A limitation to Kriging approaches arises when there are large ungauged regions as the Kriging estimate converges to the mean of the rainfall field at distances beyond the range of the semivariogram. Therefore, OK results beyond the maximum semivariogram range (approximately 185 km) are removed. Estimates over ocean (irrespective of gauge distance) are removed for all methods except TPR.

2.6 Evaluation of Merging Techniques

As no independent distributed data set of precipitation observations exists at such a high resolution to validate independently the S-G merging techniques, performance of the merged rainfall products was assessed using a leave-one-out cross validation (LOOCV) of the gauges. In this method a single gauge is removed prior to the interpolation and the prediction at the gauge location is compared to the gauge observation. This is repeated for all gauges and the goodness of fit between the merged estimates and the gauge observations was evaluated in terms of mean error (ME), root-mean-square error (RMSE), and relative bias (expressed in %). These statistical performance scores, in turn, were analyzed both in terms of their spatial patterns over the study extent as well as the intra-annual variations in the performance of the different S-G methods. While LOOCV can quantify the prediction error for every gauge location, in regions of high gauge density gauges can be highly correlated and so performance is likely to be high irrespective of the interpolation method used. In order to assess the performance of the merging methods at varying gauge densities, a second cross-validation approach as outlined by Chen et al. [2008] was implemented. Here 10% (72) of the stations are removed from the data set for validation only. S-G merging is performed repeatedly for all methods using 100% (651), 50% (326), 20% (130), 10% (65), and 5% (33) of the remaining stations and evaluated against observations at the previously removed validation sites.

Lastly, evaluation of individual gauge locations only provides a performance indicator at the point scale but no information on the performance of the merged estimates integrated over larger areas. Therefore, the terrestrial water balance is assessed using simple runoff ratios. The runoff ratio (RR) of a river basin is defined as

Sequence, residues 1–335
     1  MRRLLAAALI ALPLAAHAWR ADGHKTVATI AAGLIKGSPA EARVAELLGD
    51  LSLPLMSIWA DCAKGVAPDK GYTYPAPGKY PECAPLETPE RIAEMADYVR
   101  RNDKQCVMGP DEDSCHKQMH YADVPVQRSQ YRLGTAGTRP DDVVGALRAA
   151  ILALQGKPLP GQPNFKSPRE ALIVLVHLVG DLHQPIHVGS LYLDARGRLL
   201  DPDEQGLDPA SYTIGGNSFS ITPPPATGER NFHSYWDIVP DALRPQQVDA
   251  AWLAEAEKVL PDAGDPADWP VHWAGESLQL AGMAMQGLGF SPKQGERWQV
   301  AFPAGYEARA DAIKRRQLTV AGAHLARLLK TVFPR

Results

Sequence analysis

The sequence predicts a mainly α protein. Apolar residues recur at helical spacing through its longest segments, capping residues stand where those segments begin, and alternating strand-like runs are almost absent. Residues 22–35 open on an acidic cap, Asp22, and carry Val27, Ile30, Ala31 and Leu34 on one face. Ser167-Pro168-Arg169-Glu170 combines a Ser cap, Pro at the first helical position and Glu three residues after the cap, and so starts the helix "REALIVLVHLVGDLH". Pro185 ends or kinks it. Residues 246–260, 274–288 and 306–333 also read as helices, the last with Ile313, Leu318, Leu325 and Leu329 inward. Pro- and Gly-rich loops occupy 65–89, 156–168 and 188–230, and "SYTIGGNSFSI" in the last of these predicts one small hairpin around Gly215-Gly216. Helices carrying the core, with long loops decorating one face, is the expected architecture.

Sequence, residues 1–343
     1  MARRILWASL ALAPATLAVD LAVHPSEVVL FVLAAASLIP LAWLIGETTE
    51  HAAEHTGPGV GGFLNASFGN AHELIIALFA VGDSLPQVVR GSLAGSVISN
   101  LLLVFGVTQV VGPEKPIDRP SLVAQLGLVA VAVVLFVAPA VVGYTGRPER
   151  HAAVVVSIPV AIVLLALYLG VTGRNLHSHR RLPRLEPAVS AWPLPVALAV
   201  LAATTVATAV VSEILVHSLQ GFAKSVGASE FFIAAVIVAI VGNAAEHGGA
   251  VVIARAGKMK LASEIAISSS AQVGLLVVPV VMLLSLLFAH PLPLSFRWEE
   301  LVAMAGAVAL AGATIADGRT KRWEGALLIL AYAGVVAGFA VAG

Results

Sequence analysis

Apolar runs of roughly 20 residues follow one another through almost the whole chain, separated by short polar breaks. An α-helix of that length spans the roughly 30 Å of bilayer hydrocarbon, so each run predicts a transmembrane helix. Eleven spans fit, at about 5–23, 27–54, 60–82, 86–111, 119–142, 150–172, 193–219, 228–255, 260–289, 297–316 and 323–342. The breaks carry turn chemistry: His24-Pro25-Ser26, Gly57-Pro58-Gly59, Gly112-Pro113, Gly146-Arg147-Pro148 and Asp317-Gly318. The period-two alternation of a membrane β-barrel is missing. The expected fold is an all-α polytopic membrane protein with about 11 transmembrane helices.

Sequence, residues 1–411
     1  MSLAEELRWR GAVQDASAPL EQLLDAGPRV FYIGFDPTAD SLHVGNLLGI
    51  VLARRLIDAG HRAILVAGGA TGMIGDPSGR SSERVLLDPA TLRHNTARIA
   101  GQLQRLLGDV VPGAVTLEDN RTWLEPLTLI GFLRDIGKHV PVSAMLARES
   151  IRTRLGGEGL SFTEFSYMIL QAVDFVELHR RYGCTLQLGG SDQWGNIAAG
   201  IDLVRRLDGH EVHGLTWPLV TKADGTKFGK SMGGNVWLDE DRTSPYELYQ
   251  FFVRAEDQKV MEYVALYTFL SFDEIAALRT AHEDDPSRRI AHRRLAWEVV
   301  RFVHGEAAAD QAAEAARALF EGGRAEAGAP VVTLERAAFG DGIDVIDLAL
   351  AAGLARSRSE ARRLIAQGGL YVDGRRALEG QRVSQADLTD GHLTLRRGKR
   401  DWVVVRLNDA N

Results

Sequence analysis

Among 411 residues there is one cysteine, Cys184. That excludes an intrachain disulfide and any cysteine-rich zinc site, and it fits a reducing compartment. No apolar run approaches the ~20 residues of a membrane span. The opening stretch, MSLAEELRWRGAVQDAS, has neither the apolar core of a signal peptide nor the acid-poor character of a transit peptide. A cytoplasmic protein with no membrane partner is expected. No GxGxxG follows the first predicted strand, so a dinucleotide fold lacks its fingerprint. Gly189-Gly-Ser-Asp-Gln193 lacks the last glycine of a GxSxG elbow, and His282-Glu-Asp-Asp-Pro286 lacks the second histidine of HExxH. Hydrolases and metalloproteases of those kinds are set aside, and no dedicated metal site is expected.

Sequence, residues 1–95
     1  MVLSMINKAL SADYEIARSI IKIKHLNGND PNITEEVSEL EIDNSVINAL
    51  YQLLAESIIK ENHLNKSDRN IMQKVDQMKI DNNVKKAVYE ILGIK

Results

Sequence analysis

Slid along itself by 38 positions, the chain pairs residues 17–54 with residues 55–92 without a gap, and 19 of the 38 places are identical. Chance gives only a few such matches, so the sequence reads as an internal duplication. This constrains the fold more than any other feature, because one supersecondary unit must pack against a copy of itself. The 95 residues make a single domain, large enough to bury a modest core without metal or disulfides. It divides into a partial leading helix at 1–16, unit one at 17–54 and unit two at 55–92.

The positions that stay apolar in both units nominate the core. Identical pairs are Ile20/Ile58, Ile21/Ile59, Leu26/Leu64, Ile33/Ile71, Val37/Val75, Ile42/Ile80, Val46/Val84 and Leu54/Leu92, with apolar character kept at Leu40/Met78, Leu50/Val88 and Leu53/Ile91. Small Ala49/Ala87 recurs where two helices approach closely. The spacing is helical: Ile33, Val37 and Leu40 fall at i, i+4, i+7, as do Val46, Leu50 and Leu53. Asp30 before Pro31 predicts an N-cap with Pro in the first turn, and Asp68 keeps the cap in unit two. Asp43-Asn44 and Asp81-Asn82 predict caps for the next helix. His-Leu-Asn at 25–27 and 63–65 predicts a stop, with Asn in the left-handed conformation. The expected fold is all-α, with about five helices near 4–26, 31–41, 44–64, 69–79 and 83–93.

urn:x-wiley:jgrd:media:jgrd52731:jgrd52731-math-0002(2)
where Q is the climatological average annual discharge observed at the catchment outlet and P is the climatological average annual precipitation over the basin as estimated by the various S-G techniques over the entire study period. For OK, RR estimates are removed for catchments where more than 10% of the surface area is not predicted (as it is outside the semivariogram range distance). The runoff ratio is a common hydrological indicator that summarizes the long-term catchment hydrological property in terms of the propensity to generate runoff, with the assumption that the change to catchment storage is zero over a sufficiently large time period (hence, 1 − RR equals the evapotranspirative flux). In order to have a quantitative reference for each catchment, RR estimates were compared to estimates based on the Budyko curve Budyko [1974], which relates runoff ratio and catchment aridity index, i.e., ratio of potential evapotranspiration to precipitation [for details on the derivation of these reference values see Buytaert and De Bievre [2012].

3 Results

3.1 Spatial Rainfall Patterns

A visual inspection of the monthly precipitation climatologies Figure 3 shows pronounced differences in the way that climatological features are represented by the different methods. While synoptic processes such as the double passage of the ITCZ and the regional precipitation maximum along the Colombian Pacific coast are discernible from all products, the way precipitation gradients are defined varies strongly between the different methods. For OK the lack of spatial support from the TPR radar results in a poor representation of spatial precipitation patterns in regions of low gauge density as reflected in very smooth precipitation gradients across the region. For instance, the method fails to represent the extended orographic barrier known to exist along the eastern slope of the Andes between 7°S and 15°S [Espinoza et al., 2015; Bookhagen and Strecker, 2008].